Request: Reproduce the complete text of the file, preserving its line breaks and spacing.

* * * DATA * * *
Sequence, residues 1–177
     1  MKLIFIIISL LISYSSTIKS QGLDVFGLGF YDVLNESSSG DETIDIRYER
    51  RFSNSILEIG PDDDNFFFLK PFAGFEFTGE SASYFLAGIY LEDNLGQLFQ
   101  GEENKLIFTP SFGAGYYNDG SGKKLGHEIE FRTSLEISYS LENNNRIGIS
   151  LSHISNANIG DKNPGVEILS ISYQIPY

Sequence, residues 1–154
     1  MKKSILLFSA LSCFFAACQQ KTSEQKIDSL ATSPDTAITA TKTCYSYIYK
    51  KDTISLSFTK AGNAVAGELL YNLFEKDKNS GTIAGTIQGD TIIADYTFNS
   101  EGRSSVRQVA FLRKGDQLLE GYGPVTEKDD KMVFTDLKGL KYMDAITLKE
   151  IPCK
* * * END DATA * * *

Sequence, residues 1–177
     1  MKLIFIIISL LISYSSTIKS QGLDVFGLGF YDVLNESSSG DETIDIRYER
    51  RFSNSILEIG PDDDNFFFLK PFAGFEFTGE SASYFLAGIY LEDNLGQLFQ
   101  GEENKLIFTP SFGAGYYNDG SGKKLGHEIE FRTSLEISYS LENNNRIGIS
   151  LSHISNANIG DKNPGVEILS ISYQIPY

Sequence, residues 1–154
     1  MKKSILLFSA LSCFFAACQQ KTSEQKIDSL ATSPDTAITA TKTCYSYIYK
    51  KDTISLSFTK AGNAVAGELL YNLFEKDKNS GTIAGTIQGD TIIADYTFNS
   101  EGRSSVRQVA FLRKGDQLLE GYGPVTEKDD KMVFTDLKGL KYMDAITLKE
   151  IPCK